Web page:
Australia's Westpac results 'big miss' from expectations

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Image caption Analysts said Westpac's half yearly results were poor and a "big miss"

One of Australia's biggest lenders, Westpac, has missed expectations and posted a cash profit of 3.78bn Australian dollars ($2.98bn; £1.96bn) for the six months to March.

The cash profit result, which is the bank's preferred performance measure, is unchanged from a year earlier.

The lender's net profit for the period was A$3.61bn, also unchanged from a year earlier.

Analysts said the results were poor and a "big miss".

Westpac is Australia's second-biggest lender by market value.

Chief executive Brian Hartzer, who took over from Gail Kelly in February, said low interest rates together with a lower Australian dollar and support from the housing sector would support the country's economy, but that he expected "growth to be uneven across different industry sectors and geographies".

'Big miss'

Shares in the bank fell by more than 4.5% on the results as investors took in news.

"Although the headline cash profit looks solid, it was a big miss on market expectations," said Melbourne-based analysts Evan Lucas from IG Markets.

"What's more, the dividend was weaker than expected at A$0.93c a share."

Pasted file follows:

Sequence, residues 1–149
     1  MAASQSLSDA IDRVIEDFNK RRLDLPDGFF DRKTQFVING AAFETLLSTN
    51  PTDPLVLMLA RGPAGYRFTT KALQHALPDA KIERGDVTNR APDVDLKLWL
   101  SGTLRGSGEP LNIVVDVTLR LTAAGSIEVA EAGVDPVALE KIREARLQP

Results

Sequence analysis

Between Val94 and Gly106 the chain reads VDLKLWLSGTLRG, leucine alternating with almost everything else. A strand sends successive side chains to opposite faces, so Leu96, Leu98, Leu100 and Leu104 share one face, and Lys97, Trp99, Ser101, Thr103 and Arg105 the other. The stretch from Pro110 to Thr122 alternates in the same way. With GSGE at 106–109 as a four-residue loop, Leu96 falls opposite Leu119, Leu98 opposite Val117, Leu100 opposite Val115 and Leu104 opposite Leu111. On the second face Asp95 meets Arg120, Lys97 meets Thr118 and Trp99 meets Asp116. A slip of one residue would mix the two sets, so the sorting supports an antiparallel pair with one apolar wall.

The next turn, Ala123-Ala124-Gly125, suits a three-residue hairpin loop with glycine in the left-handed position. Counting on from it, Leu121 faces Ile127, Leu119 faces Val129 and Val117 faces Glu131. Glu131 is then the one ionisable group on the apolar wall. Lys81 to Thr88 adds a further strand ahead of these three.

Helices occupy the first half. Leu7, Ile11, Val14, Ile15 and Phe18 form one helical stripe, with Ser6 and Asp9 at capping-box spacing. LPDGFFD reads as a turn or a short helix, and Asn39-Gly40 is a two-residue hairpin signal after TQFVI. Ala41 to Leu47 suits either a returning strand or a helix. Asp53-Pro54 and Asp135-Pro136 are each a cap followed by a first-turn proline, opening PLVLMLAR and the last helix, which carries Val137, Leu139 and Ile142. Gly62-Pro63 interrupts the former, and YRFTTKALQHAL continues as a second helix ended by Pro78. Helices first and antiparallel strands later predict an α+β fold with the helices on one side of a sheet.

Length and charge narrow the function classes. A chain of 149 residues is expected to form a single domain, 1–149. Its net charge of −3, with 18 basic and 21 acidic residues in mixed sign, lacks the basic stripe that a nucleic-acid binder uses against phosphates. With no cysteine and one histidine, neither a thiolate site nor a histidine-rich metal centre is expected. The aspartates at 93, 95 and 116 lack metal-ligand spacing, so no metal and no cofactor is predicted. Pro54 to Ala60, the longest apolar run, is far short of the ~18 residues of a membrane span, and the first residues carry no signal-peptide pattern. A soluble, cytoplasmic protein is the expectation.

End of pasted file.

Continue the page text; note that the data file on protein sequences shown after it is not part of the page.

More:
Mr Lucas said Australia could be seeing the end of the mass expansion of dividends at the banks.

Australia's banks are among some of the most profitable of developed nations and survived the global financial crisis relatively unhurt.

However, a report published last year said Australian lenders needed to hold more capital to be able to survive future financial crises.

The Financial System Inquiry report singled out bank competition, increased capital levels and inefficient taxes for reform.

It also said there should be minimum education standards for financial advisers and recommended superannuation (pension fund) fees be reduced.

Westpac's Mr Hartzer said banking competition was set to remain intense, including from new entrants.

Westpac said it was continuing to build its operations in New Zealand and in Asia - including in Singapore, Hong Kong and India.

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